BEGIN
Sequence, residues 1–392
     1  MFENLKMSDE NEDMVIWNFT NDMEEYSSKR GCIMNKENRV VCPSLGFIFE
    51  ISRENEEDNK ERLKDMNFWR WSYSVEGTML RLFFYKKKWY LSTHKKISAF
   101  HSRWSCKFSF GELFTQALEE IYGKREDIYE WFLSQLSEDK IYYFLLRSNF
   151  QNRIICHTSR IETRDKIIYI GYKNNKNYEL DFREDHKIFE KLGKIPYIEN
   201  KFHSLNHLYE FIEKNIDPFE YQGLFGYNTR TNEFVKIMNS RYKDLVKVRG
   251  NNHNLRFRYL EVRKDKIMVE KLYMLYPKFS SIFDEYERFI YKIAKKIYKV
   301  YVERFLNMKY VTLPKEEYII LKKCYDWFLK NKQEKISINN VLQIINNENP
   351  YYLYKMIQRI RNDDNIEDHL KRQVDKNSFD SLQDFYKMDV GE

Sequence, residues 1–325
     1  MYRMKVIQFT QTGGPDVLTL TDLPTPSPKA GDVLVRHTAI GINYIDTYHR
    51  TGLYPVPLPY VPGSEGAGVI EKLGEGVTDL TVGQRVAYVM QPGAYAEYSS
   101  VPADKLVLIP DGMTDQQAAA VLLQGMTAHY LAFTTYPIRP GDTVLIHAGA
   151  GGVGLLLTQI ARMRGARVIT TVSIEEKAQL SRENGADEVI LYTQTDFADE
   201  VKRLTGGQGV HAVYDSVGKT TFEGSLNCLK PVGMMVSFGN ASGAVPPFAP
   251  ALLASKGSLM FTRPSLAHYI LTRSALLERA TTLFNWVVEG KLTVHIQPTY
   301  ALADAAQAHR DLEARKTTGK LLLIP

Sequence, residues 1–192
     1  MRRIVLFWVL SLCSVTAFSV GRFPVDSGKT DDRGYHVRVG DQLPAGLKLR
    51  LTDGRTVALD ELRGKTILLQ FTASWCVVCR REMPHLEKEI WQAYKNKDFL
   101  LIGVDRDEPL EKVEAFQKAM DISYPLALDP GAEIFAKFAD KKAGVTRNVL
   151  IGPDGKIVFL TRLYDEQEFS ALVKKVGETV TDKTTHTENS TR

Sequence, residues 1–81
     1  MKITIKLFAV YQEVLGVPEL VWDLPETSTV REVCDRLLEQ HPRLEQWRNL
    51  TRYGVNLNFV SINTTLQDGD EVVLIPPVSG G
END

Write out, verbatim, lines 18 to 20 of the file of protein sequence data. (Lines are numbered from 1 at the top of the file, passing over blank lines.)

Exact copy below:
Sequence, residues 1–192
     1  MRRIVLFWVL SLCSVTAFSV GRFPVDSGKT DDRGYHVRVG DQLPAGLKLR
    51  LTDGRTVALD ELRGKTILLQ FTASWCVVCR REMPHLEKEI WQAYKNKDFL